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Life IS history in the making. Every word we say, everything we do becomes history the moment it is said or done. Life void of memories leaves nothing but emptiness. For those who might consider history boring, think again: It is who we are, what we do and why we are here. We are certainly individuals in our thoughts and deeds but we all germinated from seeds planted long, long ago.

Tuesday, August 9, 2016

Unconditional Surrender

Today's History Lesson...Japanese Surrender

When the Japanese attacked Pearl Harbor at 7:55 AM on December 7, 1941, it wasn’t the beginning of the end as the Japanese had planned but instead the beginning of retaliation. Having called for unconditional surrender of Japan under threat of "prompt and utter destruction" from the United States, the first atomic bomb, "Fat Boy", was dropped on Hiroshima, August 6, 1945 in the final stages of WWII. The Japanese still did not surrender.

This Day in History: August 9, 1945

Atomic bomb mushroom clouds over Hiroshima (left) and Nagasaki (right)
In spite of the devastation that ensued, the Japanese still were not convinced to accept the unconditional surrender proposed at the Potsdam Conference held in occupied Germany. As a result, three days later on August 9, 1945, a second atom bomb, "Fat Man", is dropped on Japan by the United States, at Nagasaki.

What may or may not be known is that General Leslie R. Groves estimated a third bomb would be ready to use against Japan by August 17 or 18—fortunately this was not necessary. Japan surrendered! But look at the cost for a surrender that could have occurred without such devastating blows.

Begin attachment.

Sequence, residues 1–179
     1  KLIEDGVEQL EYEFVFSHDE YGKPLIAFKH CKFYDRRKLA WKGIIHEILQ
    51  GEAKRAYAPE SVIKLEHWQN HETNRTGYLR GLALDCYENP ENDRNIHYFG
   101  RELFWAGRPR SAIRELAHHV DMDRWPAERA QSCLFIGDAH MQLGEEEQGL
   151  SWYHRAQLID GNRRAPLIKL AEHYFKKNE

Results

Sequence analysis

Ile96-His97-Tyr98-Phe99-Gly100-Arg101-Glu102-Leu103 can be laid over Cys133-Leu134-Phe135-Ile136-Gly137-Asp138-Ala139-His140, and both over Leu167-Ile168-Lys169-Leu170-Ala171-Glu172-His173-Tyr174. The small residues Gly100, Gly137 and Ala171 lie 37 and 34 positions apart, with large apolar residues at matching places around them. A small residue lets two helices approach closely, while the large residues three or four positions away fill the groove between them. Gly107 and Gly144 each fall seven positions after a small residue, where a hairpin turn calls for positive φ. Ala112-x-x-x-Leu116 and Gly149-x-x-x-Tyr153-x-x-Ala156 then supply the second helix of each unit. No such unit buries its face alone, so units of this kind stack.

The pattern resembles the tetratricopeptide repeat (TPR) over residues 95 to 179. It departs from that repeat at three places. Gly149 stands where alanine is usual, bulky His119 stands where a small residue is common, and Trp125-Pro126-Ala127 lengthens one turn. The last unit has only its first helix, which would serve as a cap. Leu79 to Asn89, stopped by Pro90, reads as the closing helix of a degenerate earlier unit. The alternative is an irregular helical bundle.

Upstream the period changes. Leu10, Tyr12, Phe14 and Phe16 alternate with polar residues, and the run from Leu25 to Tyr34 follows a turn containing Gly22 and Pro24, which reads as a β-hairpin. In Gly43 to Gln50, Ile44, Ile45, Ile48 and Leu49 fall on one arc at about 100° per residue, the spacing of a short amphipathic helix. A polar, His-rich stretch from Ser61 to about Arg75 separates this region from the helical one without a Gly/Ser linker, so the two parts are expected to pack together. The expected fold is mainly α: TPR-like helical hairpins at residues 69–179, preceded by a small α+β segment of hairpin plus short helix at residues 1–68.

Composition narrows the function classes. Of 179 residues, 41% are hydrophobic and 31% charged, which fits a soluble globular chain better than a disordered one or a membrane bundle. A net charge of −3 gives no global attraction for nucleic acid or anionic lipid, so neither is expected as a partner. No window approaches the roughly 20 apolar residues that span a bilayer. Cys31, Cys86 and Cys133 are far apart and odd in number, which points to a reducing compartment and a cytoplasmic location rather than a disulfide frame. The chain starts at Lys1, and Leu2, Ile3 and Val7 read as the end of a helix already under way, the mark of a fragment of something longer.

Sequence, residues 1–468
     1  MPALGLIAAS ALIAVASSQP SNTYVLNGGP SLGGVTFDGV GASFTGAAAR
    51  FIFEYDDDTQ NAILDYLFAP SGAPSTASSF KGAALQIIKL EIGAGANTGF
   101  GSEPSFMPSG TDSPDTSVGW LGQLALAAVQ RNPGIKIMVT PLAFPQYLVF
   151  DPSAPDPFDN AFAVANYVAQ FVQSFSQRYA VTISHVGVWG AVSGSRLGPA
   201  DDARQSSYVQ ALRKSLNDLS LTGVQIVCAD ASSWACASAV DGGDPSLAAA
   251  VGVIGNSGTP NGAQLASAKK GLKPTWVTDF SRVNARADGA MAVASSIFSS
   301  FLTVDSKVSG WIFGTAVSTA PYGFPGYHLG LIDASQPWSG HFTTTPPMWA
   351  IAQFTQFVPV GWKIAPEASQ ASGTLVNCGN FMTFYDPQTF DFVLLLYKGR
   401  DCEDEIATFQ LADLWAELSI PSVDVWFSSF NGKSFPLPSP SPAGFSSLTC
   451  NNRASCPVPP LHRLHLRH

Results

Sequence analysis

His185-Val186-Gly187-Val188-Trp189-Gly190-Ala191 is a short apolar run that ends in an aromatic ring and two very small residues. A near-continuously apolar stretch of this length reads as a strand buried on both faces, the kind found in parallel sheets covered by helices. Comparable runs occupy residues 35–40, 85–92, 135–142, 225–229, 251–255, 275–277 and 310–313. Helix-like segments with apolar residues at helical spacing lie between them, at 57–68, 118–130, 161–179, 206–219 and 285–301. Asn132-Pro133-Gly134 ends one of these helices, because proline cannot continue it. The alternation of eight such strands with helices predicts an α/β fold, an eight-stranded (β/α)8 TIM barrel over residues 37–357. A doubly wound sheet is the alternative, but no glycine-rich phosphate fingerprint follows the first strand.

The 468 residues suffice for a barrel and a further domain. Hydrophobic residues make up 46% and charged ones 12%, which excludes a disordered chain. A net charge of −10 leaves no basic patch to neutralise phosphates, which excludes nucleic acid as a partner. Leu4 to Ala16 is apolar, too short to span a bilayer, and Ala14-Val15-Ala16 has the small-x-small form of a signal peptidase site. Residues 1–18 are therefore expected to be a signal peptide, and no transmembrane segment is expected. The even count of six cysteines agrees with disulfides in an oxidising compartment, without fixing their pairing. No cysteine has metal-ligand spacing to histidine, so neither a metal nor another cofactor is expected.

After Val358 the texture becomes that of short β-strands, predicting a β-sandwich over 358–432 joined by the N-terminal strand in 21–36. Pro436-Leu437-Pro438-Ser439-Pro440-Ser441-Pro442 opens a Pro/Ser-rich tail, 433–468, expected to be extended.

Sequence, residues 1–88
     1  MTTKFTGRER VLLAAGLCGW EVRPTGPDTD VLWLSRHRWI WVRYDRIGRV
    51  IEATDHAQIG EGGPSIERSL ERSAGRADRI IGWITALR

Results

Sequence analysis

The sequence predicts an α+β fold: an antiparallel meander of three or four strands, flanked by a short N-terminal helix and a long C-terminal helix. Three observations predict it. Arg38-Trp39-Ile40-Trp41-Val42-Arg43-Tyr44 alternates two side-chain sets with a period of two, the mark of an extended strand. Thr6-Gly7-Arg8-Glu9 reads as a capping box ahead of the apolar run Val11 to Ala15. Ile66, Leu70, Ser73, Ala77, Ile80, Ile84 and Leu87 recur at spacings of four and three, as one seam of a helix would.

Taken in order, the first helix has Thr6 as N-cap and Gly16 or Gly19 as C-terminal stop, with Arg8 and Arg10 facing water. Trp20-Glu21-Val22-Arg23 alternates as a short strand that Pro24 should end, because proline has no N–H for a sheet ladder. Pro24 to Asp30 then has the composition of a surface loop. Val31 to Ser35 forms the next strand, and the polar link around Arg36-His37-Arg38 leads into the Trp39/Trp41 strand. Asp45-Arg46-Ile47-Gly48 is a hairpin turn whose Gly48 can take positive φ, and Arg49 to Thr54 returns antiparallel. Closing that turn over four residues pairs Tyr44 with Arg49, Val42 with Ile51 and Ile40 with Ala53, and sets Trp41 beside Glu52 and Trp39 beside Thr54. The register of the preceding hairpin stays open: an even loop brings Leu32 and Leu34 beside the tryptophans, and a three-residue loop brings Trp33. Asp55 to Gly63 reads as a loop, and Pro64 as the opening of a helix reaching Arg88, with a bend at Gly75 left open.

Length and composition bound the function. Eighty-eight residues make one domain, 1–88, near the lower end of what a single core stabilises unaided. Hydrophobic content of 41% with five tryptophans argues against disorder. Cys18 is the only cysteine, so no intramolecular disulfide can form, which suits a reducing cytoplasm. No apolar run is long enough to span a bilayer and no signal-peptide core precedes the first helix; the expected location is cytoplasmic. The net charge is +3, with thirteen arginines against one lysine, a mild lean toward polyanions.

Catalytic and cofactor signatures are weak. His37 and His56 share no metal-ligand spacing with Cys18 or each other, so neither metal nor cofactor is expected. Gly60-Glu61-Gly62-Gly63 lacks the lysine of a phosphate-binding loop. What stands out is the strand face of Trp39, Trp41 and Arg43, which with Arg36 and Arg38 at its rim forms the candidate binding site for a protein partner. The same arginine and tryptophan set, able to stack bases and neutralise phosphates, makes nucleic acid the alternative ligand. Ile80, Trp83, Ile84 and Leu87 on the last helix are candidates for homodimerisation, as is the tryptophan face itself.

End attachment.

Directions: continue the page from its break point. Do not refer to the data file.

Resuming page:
History speaks for itself. Much has been written, even more has been said. What happened happened. No turning back. No wiping the slate clean. Concentration now should be on doing everything possible to avoid anything of this magnitude ever happening again. [The figures on the number of people who succumbed to the bombings depend upon the source of the data analysis. The numbers do vary and it is widely known the death toll expanded through the years following the initial blast.] Source: Retaliation

 "There are voices which assert that the bomb should never have been used at all. I cannot associate myself with such ideas. […] I am surprised that very worthy people—but people who in most cases had no intention of proceeding to the Japanese front themselves—should adopt the position that rather than throw this bomb, we should have sacrificed a million American and a quarter of a million British lives."

Winston Churchill, leader of the Opposition, in a speech to the British House of Commons, August 1945

Which side would you debate?